Recently television host Dr. Oz created quite a stir when he made claims that apple juice contains dangerous levels of arsenic. Initially the FDA bashed the doctor’s claims calling them irresponsible, however, after a recent independent study released by Consumer Reports the FDA might be changing its tune.
According to Consumer Reports’ study they:
“…tested 88 samples of the juices from New York, New Jersey, and Connecticut and found that 10% had more arsenic than the FDA allows in drinking water, and 25% had more lead than the agency allows in bottled water.”
The report also claims that the FDA currently has no set limits for arsenic in fruit juices, though 23 parts per billion (ppb) is considered a “level of concern.” In response to the new findings the FDA is considering lowering the amount of arsenic that would be considered a “level of concern,” and claims the government allows more arsenic in juice than in drinking water because it’s assumed that people are drinking more water.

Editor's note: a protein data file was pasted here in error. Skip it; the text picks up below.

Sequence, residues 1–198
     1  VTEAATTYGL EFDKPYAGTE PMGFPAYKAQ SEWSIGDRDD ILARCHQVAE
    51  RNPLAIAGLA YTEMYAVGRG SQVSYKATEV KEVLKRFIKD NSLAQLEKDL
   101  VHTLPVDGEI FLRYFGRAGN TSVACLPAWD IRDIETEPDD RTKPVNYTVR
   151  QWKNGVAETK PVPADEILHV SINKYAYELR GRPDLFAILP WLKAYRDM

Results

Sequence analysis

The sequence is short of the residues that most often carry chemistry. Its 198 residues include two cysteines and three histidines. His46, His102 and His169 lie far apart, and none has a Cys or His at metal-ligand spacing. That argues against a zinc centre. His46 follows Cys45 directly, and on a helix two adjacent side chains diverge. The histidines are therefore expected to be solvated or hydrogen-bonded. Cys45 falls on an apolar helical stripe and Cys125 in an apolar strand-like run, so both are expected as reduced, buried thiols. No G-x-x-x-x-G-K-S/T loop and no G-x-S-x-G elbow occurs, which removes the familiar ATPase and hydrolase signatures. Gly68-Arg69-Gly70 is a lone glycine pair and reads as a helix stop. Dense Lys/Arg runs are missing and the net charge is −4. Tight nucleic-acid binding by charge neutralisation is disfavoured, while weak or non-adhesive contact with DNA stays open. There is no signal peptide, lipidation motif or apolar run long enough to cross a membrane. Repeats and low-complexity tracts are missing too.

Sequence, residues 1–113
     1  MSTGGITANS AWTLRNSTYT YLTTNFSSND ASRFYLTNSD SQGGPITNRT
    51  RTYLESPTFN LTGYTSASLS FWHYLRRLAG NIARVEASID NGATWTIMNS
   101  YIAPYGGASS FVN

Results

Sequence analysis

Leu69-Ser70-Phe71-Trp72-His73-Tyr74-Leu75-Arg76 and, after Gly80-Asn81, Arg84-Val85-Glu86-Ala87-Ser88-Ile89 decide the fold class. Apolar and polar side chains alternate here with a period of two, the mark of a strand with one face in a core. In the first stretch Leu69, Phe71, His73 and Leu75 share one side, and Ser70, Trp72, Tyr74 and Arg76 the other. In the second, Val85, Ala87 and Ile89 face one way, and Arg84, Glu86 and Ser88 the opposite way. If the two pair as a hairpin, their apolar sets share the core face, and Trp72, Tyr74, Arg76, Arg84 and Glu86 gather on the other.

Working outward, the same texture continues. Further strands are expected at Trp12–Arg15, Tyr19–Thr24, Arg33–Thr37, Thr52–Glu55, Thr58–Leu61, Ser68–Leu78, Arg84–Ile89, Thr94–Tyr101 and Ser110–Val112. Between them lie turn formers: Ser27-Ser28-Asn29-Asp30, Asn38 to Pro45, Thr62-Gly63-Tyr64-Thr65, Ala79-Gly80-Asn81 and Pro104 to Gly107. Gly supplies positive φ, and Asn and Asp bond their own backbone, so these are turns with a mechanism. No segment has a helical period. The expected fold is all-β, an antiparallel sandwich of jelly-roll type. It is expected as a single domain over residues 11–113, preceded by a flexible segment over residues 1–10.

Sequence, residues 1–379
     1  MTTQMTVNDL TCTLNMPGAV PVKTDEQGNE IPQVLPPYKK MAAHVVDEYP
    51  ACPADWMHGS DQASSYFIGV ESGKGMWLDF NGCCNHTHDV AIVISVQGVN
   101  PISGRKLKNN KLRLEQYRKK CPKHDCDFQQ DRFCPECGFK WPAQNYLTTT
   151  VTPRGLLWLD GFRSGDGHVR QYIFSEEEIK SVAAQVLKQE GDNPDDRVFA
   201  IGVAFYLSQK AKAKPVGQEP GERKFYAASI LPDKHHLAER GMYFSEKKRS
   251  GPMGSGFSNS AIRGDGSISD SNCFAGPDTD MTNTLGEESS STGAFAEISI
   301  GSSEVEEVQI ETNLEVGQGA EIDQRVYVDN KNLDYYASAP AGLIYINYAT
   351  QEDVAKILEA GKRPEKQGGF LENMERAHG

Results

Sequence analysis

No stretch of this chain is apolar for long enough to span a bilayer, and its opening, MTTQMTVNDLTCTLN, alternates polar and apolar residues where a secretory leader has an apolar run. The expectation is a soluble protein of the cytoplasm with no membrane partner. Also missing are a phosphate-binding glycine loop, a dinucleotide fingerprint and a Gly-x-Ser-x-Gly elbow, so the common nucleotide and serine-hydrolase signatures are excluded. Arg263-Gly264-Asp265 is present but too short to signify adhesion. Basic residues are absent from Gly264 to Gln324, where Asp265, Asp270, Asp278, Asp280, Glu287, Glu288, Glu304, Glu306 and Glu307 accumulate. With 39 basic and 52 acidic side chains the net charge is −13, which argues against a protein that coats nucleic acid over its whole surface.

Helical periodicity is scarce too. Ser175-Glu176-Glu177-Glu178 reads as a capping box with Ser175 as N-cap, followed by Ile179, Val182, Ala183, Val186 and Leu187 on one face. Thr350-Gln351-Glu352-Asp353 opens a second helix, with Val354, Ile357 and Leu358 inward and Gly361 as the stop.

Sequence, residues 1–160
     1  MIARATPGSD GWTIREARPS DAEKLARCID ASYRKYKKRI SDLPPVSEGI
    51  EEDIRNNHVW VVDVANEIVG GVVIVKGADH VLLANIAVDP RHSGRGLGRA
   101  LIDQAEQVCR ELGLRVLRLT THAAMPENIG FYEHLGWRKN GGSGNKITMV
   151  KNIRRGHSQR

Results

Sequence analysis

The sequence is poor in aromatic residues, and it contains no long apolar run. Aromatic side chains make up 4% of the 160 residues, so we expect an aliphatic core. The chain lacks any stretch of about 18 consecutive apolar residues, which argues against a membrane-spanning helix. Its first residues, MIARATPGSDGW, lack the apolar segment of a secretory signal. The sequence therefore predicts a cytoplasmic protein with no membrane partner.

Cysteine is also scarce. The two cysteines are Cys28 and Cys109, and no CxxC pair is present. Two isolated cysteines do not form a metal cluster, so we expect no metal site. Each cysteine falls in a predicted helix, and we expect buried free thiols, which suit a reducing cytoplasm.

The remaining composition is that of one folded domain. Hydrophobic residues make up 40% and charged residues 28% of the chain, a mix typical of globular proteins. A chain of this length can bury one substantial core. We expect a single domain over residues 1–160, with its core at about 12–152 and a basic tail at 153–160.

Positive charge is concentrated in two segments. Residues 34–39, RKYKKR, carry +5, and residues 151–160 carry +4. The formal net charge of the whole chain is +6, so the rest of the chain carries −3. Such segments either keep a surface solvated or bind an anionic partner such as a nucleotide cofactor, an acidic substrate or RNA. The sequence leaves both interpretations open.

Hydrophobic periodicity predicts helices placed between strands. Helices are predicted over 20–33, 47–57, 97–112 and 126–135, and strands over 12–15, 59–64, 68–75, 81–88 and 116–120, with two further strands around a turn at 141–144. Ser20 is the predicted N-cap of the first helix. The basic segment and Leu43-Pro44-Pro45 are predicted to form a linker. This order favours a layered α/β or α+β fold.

Molly Kile, a professor at Oregon State University who has studied arsenic brought up a very important question stating “It is unclear at this point whether or not the arsenic found in apple juice is safe or unsafe … And really the question is what do these low level exposures of arsenic mean in terms of health and children’s health?” Definitely a question on the minds of all parents.
In the mean time, until the FDA conducts research of its own, health experts are encouraging parents to not give their children anymore than six ounces of juice a day period and as an added caution suggesting they can rotate the brands they buy in case one of them has too much arsenic.
Will you still give your children apple juice?